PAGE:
Jon Carson, deputy assistant to the President and director of the White House Office of Public Engagement, succinctly articulated the purpose of the series: “I’m not here to talk,” he said. “I’m here to listen about what you’re seeing across the country.” For many in Hazon’s cohort and millions of American Jews, this issue is food justice.
Three years ago, Zane Caplansky applied to the city of Toronto to sell Montreal-style smoked-meat sandwiches from a cart. Confronted with red tape that would have required a steep investment in a mobile kitchen, he dropped the idea.
Bad news for the aspiring vendor became a boon for Toronto foodies. Caplansky instead started selling smoked-meat sandwiches from the back of a Toronto bar. Insane demand, fueled by word of mouth, led to the 2009 opening of Caplansky’s, his massively successful deli on the northern edge of the city’s historically Jewish Kensington Market neighborhood. “Caplansky’s did more to put Toronto on the map as a deli city than anyone else in half a century,” says David Sax, author of “Save the Deli” and a Forward contributor.
We are committed Jewish vegetarians. By that we mean that having a vegetarian lifestyle is important to our Jewish practice. And that’s why we love Tishat Hayamim (the first nine days of Av). It’s a fairly strange sentiment, but Tishat Hayamim is the only time in the Jewish calendar when vegetarianism is obligatory. The traditional mourning rituals of Tishat Hayamim stem from second temple ascetic practices, which included vegetarianism. The impetus for Tishat Hayamim stems from the mishnaic statement that, “From the first days of Av, one lessens one’s joy.” Based on this statement, the rabbis forbid eating meat, drinking wine, or listening to music in the first nine days of Av. This is a period of denial, but because of our dietary choices, it is perfectly normal for us.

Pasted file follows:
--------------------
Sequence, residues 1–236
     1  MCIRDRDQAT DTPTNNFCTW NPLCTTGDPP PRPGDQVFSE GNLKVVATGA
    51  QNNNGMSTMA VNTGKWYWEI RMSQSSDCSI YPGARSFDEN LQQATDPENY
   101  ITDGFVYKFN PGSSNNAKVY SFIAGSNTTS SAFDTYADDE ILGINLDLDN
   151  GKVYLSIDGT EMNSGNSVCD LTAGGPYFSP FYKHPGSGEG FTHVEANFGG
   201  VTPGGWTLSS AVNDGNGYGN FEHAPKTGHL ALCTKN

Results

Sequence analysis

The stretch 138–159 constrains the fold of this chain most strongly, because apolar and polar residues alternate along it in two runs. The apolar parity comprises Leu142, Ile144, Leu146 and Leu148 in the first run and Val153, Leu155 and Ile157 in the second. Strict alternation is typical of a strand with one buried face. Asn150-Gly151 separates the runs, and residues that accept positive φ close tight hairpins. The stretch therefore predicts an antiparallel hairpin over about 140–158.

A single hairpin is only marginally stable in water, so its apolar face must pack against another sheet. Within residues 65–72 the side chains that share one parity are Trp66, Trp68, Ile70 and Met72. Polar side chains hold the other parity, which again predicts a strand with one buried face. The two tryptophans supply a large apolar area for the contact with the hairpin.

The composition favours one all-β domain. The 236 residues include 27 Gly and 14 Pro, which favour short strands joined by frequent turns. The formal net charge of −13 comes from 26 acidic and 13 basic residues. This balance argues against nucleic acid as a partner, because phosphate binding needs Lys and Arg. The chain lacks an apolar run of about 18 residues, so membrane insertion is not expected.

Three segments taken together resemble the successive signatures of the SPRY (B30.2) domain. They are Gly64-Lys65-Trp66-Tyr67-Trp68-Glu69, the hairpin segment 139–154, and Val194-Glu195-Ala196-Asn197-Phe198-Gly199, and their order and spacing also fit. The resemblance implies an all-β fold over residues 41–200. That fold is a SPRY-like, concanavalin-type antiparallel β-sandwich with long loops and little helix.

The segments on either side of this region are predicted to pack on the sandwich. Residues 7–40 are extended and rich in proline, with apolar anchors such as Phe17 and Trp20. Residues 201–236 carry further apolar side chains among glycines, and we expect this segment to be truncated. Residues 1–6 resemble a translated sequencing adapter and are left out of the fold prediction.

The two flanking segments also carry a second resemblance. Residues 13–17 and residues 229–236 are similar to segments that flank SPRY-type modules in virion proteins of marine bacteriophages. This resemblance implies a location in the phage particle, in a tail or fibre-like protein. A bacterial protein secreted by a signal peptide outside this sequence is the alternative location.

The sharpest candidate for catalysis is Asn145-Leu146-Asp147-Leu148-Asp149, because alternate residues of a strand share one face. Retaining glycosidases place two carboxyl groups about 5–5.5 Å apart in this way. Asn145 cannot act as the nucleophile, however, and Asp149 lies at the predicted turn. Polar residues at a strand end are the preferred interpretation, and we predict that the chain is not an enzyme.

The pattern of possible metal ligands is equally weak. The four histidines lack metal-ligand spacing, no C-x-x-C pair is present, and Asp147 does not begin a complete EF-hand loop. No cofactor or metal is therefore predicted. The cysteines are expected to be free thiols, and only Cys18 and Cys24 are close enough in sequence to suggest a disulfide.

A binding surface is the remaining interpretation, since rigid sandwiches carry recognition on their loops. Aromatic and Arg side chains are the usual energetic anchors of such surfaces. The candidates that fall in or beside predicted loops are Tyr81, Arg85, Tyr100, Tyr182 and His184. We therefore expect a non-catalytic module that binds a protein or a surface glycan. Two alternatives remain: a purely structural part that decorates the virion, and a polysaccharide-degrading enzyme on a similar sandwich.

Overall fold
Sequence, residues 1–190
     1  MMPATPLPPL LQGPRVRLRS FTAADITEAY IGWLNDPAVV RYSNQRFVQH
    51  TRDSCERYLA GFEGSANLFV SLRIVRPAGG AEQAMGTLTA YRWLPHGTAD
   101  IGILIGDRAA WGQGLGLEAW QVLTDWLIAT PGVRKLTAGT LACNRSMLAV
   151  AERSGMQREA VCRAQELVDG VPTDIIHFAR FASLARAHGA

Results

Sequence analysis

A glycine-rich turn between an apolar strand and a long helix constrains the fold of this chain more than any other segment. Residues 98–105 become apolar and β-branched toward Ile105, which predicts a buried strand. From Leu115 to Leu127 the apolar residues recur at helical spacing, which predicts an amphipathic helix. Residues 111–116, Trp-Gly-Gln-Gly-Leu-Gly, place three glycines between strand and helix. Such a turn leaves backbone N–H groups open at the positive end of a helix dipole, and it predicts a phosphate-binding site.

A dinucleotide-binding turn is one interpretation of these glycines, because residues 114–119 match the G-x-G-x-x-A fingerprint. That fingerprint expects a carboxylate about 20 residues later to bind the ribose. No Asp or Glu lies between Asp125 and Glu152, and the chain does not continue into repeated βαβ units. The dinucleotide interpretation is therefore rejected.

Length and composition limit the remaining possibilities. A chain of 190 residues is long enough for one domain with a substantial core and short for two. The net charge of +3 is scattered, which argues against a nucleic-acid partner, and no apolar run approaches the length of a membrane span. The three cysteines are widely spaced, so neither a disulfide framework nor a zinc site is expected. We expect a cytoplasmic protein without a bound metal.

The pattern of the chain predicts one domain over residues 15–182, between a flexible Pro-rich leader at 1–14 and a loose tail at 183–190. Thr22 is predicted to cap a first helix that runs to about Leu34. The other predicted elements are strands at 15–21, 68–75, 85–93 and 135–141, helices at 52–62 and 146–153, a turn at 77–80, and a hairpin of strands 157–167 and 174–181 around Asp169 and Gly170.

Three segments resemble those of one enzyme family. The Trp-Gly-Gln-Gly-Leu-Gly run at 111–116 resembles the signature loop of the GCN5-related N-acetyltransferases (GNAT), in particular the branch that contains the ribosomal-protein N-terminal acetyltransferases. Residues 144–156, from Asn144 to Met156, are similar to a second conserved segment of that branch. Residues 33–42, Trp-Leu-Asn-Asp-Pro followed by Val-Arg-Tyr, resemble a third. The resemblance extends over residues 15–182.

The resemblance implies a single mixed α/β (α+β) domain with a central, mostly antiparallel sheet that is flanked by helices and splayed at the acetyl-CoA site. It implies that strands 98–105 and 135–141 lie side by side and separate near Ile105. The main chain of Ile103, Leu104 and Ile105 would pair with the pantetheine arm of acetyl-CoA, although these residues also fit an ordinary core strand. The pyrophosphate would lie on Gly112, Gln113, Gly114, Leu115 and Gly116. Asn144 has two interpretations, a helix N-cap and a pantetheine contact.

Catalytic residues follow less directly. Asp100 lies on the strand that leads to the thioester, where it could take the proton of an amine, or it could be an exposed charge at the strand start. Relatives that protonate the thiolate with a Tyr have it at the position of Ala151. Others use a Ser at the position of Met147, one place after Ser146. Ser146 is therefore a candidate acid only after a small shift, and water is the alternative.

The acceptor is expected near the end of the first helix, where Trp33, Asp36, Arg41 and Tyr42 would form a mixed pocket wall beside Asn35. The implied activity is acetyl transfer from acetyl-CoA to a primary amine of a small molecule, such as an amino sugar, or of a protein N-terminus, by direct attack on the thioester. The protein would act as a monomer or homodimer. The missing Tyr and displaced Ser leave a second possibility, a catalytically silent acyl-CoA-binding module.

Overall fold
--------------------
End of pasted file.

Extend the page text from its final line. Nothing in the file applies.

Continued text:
This abstinence from meat during Tishat Hayamim suggests that vegetarianism is a traditional Jewish practice, though primarily associated with ascetic denial. The traditions of Tishat Hayamim demonstrate that the rabbis were in dialogue with second temple sects such as the Therapeutae, a Jewish monastic group who lived near Lake Meroe in Alexandria, Egypt. They spent most of their time studying Torah and holy writings, practiced vegetarianism, and refrained from drinking wine. The Therapeutae subsisted on simple food, seeking through bodily affliction to suppress natural human desires. It is also possible that the famous ascetics of the Judean desert, the Essenes, who were probably the authors of the Dead Sea scrolls, were vegetarians. Archaeological excavation at Qumran has not revealed animal bones, though this is an argument from silence. However, no ancient source identifies the Essenes as vegetarians.